But there are other options available too. Despite VelocityShares recently closing several of their volatility strategies – including the quirky but somewhat popular XIVH - a couple of other strategy ETNs do look like they might be aimed at investors rather than just traders. The Barclays ETN + S&P VEQTOR (Ticker: VQT) for example is an ETN that dynamically allocates to a mixtures of equity, volatility, and cash – specifically the S&P 500 Total Return Index and the S&P 500 VIX Short-Term Futures Index. However, with lackluster performance this year, just $25m under management, and a lack of trading activity, it would seem investors may be put off by the relative complexity of dynamic volatility products.

Another is the iPath S&P 500 Dynamic VIX ETN (Ticker: XVZ). The XVZ divides its exposure between the short-term and medium-term VIX futures indexes using signals from implied forward volatility in the S&P 500. Despite a promising level of sophistication, the note has performed quite poorly since inception and has attracted only $13m in AUM.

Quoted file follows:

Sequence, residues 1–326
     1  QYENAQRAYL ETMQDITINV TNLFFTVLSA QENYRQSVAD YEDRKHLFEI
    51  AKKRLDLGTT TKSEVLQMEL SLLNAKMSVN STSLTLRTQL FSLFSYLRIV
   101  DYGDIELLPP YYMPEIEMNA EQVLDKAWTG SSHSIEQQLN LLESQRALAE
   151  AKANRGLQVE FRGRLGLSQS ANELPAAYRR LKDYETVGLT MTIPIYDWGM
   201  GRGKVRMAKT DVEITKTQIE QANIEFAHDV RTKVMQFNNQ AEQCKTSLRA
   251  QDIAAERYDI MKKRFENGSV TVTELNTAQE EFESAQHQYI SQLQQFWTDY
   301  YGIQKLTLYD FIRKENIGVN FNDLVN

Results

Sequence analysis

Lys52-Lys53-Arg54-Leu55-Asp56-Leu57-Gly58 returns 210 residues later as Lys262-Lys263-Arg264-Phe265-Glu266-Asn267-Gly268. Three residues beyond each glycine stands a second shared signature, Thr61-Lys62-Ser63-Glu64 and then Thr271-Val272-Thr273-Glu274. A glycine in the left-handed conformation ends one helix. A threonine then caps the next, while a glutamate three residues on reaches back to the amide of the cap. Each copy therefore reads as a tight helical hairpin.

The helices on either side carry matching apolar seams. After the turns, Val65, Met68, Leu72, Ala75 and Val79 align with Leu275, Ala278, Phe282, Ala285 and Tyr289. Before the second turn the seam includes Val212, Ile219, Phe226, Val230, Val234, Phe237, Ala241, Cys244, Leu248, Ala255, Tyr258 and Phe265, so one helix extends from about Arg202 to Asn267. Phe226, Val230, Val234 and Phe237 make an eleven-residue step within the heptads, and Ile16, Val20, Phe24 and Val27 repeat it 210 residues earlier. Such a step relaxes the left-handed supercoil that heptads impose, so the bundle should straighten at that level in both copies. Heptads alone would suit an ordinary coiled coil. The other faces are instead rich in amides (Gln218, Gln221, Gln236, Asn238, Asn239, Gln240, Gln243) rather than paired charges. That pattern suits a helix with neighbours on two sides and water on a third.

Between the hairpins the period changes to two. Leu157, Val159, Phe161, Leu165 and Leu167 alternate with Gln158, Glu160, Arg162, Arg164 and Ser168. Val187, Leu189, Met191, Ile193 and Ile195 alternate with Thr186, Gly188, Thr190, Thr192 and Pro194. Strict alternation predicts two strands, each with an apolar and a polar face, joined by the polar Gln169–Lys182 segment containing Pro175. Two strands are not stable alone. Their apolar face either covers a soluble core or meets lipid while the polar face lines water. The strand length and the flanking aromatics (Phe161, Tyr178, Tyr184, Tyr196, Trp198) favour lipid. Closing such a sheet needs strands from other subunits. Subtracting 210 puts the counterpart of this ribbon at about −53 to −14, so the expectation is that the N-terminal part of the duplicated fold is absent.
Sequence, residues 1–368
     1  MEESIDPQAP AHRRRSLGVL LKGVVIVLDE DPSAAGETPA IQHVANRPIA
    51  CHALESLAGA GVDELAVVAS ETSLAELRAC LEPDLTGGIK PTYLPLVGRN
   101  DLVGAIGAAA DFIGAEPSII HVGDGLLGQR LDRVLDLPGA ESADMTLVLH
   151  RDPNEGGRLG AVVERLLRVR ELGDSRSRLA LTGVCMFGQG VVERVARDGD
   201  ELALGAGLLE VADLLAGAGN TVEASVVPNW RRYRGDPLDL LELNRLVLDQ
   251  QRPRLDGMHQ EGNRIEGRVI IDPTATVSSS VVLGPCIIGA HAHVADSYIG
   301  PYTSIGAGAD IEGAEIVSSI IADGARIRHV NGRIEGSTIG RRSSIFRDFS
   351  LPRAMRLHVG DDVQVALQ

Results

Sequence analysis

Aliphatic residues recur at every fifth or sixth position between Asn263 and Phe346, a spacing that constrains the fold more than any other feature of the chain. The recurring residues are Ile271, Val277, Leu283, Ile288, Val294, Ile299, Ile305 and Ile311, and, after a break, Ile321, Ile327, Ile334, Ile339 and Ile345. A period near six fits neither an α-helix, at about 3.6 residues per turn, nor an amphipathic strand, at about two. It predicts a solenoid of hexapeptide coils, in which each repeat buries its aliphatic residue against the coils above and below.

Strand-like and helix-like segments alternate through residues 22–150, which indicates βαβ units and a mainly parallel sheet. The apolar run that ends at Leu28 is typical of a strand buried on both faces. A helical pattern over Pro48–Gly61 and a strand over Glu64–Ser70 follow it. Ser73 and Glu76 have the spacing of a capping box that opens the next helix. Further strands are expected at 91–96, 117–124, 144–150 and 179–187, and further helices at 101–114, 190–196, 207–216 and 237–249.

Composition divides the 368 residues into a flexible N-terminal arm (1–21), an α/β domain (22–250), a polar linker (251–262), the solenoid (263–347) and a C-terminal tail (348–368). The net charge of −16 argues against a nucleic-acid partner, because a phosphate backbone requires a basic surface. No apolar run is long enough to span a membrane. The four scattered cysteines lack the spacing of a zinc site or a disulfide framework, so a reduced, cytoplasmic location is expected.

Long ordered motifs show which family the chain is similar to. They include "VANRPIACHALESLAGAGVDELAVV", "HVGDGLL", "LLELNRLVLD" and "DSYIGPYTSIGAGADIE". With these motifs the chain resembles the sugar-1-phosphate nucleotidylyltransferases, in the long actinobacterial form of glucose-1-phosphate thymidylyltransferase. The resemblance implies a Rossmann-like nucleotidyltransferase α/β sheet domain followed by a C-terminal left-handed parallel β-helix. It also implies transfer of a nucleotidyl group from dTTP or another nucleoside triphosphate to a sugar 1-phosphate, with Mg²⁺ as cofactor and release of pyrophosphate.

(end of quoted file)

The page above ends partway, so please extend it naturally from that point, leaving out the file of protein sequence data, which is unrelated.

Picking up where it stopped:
Strategy Volatility ETPs [14]

Ticker Name AUM (m) Vehicle Type

VQT Barclays ETN + S&P VEQTOR ETN $24.60 Note

XVZ iPath S&P 500 Dynamic VIX ETN $13.10 Note

The CBOE has also sought to improve the inevitability of their own volatility products. The latest, the CBOE Capped VIX Premium Strategy Index (Ticker: VPN) is an index based on selling VIX futures and buying VIX calls. [15] While there is no news of an ETP being listed on it, CBOE’s move to create more indexes that use their own products may be driven by an issuer’s interests.